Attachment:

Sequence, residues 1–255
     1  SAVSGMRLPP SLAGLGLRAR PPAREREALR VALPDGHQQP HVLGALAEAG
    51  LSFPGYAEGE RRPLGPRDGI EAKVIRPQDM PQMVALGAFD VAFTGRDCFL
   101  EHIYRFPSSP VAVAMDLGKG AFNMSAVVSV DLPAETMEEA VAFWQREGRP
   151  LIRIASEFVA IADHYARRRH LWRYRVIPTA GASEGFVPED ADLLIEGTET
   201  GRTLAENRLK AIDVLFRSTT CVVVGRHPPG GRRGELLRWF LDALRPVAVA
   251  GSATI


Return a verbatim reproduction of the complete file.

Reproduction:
Sequence, residues 1–255
     1  SAVSGMRLPP SLAGLGLRAR PPAREREALR VALPDGHQQP HVLGALAEAG
    51  LSFPGYAEGE RRPLGPRDGI EAKVIRPQDM PQMVALGAFD VAFTGRDCFL
   101  EHIYRFPSSP VAVAMDLGKG AFNMSAVVSV DLPAETMEEA VAFWQREGRP
   151  LIRIASEFVA IADHYARRRH LWRYRVIPTA GASEGFVPED ADLLIEGTET
   201  GRTLAENRLK AIDVLFRSTT CVVVGRHPPG GRRGELLRWF LDALRPVAVA
   251  GSATI